Friend Fights for Justice for Bicyclist Fatally Injured in Police Incident

Glen Potter and Fred Bradford


Glen Potter calls attention to Fred Bradford, whose death led to firings

Many Christians quote the scripture, “Love your neighbor as yourself” (Matthew 22:39), but rarely show it. Glen Potter is a man who takes that scripture seriously and shows it by getting involved in several missions.

Potter, a member of St. Andrew UMC in Plano, has worked several years in the client intake department of St. Andrew’s Seven Loaves Community, which helps neighbors who struggle to provide the basic necessities for themselves and their families.

The scripture Micah 6:8, “And what does the Lord require of you? To act justly and to love mercy and to walk humbly with your God” also motivates Fred. For many years, he has participated in the Carter High School Alumni Angel Tree program and fed officers at a police station in a disadvantaged part of Dallas.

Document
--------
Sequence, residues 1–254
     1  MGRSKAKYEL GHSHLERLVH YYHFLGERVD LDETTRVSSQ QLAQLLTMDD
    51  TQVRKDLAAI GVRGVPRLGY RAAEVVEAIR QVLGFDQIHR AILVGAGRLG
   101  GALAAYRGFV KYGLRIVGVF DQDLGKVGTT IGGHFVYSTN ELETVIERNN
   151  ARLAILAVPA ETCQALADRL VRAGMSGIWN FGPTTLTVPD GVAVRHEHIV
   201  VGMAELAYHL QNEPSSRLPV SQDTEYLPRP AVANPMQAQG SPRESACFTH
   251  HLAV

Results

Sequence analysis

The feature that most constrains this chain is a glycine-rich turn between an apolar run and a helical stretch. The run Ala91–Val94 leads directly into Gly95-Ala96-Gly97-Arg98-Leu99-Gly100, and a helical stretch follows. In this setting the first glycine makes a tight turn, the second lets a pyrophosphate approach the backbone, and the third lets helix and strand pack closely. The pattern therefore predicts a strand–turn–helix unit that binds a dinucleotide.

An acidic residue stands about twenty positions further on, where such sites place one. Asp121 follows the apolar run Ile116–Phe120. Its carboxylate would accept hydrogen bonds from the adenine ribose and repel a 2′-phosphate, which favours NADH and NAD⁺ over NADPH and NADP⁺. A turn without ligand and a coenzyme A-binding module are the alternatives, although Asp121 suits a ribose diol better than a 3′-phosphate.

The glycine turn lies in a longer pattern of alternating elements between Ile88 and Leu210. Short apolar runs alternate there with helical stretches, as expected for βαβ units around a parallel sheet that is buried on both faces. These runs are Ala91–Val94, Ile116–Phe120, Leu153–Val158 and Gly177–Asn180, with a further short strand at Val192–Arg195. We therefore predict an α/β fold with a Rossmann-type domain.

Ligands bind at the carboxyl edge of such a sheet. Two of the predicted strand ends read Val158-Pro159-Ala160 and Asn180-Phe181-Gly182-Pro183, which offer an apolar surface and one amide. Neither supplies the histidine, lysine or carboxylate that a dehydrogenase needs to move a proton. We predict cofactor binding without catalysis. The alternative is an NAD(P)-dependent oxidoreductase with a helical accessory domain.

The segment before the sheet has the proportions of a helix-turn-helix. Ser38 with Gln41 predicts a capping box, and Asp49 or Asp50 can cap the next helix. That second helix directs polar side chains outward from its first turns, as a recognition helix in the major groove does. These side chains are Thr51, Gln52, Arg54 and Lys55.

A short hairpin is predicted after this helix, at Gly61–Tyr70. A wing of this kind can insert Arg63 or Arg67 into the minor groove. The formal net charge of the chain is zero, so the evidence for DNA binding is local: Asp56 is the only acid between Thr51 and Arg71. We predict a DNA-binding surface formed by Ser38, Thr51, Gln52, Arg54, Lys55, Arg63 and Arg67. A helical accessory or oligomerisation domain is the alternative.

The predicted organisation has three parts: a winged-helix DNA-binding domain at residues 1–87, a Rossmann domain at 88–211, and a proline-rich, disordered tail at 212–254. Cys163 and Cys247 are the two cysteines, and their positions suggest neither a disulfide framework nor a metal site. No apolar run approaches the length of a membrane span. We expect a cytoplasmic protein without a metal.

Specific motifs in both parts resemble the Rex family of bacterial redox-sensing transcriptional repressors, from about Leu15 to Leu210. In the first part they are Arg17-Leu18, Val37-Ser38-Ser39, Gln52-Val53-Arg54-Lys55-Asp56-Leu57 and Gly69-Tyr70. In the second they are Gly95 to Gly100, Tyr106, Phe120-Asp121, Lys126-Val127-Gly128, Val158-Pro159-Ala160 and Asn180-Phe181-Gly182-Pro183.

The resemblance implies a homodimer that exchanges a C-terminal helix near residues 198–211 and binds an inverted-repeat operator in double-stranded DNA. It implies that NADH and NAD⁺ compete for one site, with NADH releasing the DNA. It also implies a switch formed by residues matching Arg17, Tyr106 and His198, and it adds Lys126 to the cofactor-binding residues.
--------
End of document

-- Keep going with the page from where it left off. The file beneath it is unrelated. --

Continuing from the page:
But it is his mission to help get justice for a high school friend who died in 2013 in a police incident that’s really been driving him lately.

Potter, who is white, and his friend, Fred Bradford, who was black, were in the Class of 1980 at Dallas ISD’s Carter High. It was a time when the Dallas public schools were just beginning to desegregate.

Potter and Bradford were not best friends, but they had a mutual respect for one another. As classmates often do, they lost touch over the years.

On June 8, 2013, Potter was shocked by a story about Bradford’s death on Channel 4-Fox News, and he has been on a mission ever since to keep this case highlighted.